With this, it can be safely concluded that construction of strategic roads was moving at a slow pace.
That the progress on ICBRs was slow is not a new finding, but there is one — this may no longer be the case.
The 2018 year-end review of the Ministry of Defence says that the “completed length of ICBRs is 2316.62 km”, which is 68 per cent of the total length of the 61 roads to be built by the BRO, and the year-end review for 2019 states that around “75 per cent road length has been black topped” by the organisation.
This shows a progress of around 7 per cent in one year between 2018-19.
Had the BRO constructed ICBRs at this pace ever since it started working on the project, all border roads along the LAC would have been ready years ago.
Progress started improving much before 2018-19. In 2016-17, as this Times of India report says, formation cutting (cutting along the face of the hill or mountain) increased to 147 km from 107 km in 2014-15. Similarly, progress on surfacing increased to 233 km in 2016-17 from 174 km in 2014-15.
Clearly, work on ICBRs has been progressing faster in the last few years. Apart from a surge in Chinese transgressions and the Doklam stand-off of 2017 forcing India to increase the pace of infrastructure build-up, there are many other reasons to believe this — much has changed for the BRO since 2014-15.
One, in 2015-16, the organisation was brought under the full control of the Defence Ministry. Under the earlier arrangement, BRO received funding from the Ministry of Road Transport, while its tasks were defined by the Defence Ministry. This dual control was an impediment in the smooth functioning of BRO.
Two, in 2017, on the day the India-China standoff at Doklam ended, the Modi government announced that it was doing away with the need for forest clearance for infrastructure projects for the army within 100 km of the LAC.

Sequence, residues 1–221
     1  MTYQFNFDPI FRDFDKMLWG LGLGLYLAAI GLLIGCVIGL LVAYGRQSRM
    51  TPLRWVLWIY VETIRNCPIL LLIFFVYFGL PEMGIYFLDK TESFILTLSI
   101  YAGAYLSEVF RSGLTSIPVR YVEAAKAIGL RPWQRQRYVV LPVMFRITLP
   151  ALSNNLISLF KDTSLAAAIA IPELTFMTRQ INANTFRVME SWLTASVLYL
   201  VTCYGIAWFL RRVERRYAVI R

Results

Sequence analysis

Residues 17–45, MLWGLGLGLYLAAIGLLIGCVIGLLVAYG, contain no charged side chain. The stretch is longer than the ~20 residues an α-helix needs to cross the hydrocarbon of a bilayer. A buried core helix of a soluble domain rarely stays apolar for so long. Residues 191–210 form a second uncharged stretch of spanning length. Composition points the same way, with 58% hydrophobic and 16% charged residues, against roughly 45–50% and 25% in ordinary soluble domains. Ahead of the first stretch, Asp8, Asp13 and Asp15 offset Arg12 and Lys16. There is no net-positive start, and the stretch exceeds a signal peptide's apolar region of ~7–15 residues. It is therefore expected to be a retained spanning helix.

The Narendra Modi government had also given a similar general approval after coming to power in 2014. Delay in forest and environmental clearance held up road projects for years.
Three, in the midst of the Doklam stand-off in July 2017, the government delegated more administrative and financial powers to BRO officers. In some cases, financial powers were increased as much as ten-fold and fifteen-fold.
These, along with improvement in technology and surveying over the last decade, seem to have helped the BRO speed up the construction of new roads and bridges along the LAC significantly.
Around 67 per cent of BRO’s 32,000-strong workforce is now deployed along the border with China.
It has completed many critical connectivity projects in Ladakh the Northeast in recent years, the DS-DBO road being one.
After the road was found unfit for all-weather military use in 2011, a large part of it, around three quarters by some accounts, was realigned by the BRO, along with the construction of India’s highest altitude all-weather permanent bridge in eastern Ladakh, and completed in early 2019.
It is in one of the areas which the DS-DBO road passes through — the Galwan River Valley — that India and China are currently locked in a tense face-off, apparently because India is building a new road (satellite image here).
India still has a lot of catching up to do, but this is quickly changing.
For decades, as India ignored border areas and then started building infrastructure at a crawling pace, China used its superior infrastructure to change the status quo along the LAC at will. With the infrastructure gap narrowing, its actions are now being challenged.
The article first appeared in Swarajya and has been republished here with permission.